Unexpected Encounter – Michael Buble.

By Anita Garner

Did you think this would be a story about bumping into Michael Buble somewhere? No but it’s equally happy. The Grand and I now go to coffee shops together.  This is a new habit. Her caffeine content is diluted and carries fancy names, but it’s still coffee and there’s music playing and therefore the ritual is equally sophisticated.

During this fall season we’ve been taking our books to a cozy new neighborhood coffee shop which has the best music playing.  One week it was jazz.  Last week it was standards – big ballads and such. We’re reading.  We’re chatting.  We’re sipping.

The Grand, a new teenager, listens mostly to her favorite rock groups at maximum volume.  Primarily Brendon Urie/Panic At The Disco.  She makes everyone in the family follow Brendon on Instagram.

A song came on.  Mellow and swingy with a full orchestra. She put down her book and asked, “Who is THAT?”  That was Michael Buble.  She watched him with James Cordon on Carpool Karaoke and on The Graham Norton Show.  She’s now entered the world of the big-voiced crooners. I give Brendon Urie much of the credit.  His respect for them may have rubbed off on her.

Our family always plays Christmas music during Thanksgiving dinner.  Without mentioning it, my daughter, mother of The Grand,  pushed play on Michael Buble’s Christmas album.  The Grand lit up.  The leaf liked it too.

 

You can call me Hon.

You can listen to this blog with music here.

As I walked away, the clerk called out, “Sweetie, you forgot something.” Though I’m older than his mother, I never let a term of endearment go by unacknowledged, so I decided he was talking to me, turned around and gave him my best smile.

No matter what the speaker’s intent, it’s the recipient’s attitude that matters.  Even if the person doing the talking might be trying for a bit of sarcasm with the “Well, sweetheart” or “Oh sure, darlin,” I choose to ignore the barb and accept it all quite literally. If you call out any one of these terms, I’ll answer to it.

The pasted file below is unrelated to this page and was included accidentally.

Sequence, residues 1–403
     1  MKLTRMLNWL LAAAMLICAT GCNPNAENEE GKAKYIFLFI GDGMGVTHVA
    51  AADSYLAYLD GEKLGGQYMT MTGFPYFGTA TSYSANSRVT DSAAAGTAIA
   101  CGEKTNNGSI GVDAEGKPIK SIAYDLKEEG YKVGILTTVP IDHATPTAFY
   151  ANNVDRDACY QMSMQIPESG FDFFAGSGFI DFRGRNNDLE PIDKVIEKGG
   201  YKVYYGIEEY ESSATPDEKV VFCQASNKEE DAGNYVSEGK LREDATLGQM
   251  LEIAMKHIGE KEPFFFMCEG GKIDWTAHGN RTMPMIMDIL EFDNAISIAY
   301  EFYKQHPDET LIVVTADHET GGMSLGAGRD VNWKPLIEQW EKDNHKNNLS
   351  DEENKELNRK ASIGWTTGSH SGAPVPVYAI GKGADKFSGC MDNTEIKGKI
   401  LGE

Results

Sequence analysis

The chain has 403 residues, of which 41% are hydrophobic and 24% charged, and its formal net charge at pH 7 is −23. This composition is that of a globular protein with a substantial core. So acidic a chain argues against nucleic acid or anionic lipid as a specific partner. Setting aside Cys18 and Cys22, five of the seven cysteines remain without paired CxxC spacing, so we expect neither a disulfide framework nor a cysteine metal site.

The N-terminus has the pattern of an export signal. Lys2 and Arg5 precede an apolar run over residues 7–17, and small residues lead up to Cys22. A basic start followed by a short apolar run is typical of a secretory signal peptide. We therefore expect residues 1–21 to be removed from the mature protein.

You know how sometimes a restaurant server addresses you with “Just a minute, Hon” or “Be right with you, darlin’,” and sure it could mean “Wait your turn.  I’ll get to you as soon as I can,” but it might also mean “I call everybody Hon,” leading to the best possible interpretation, which is “Have I seen you here before? Well I’m gonna treat you like a regular anyhow.”

Here’s the conversation from last week, in a coffee shop. (I spend a lot of time in coffee shops.)

My server to me: “You want coffee, Hon?”  She poured, then carried on three conversations at once.

To a nearby table:  “No, that was Doris’ brother in law who moved away.”

One booth over: “Joe was already here and gone this morning. He catches the early bus to the casino now.”

And to another table:  “Yeah, she’s learning English, studying hard, but  somebody gave her an app so she can talk into her phone and I get her order right away.”

Some might object to this level of familiarity, saying these forms of address are sexist or inappropriate among people who haven’t been introduced. I find this language from strangers oddly comforting. It’s way better than being ignored, so you can call me Hon anytime.

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Music this week is “I’m in love with you, Honey” from a 1928 player piano.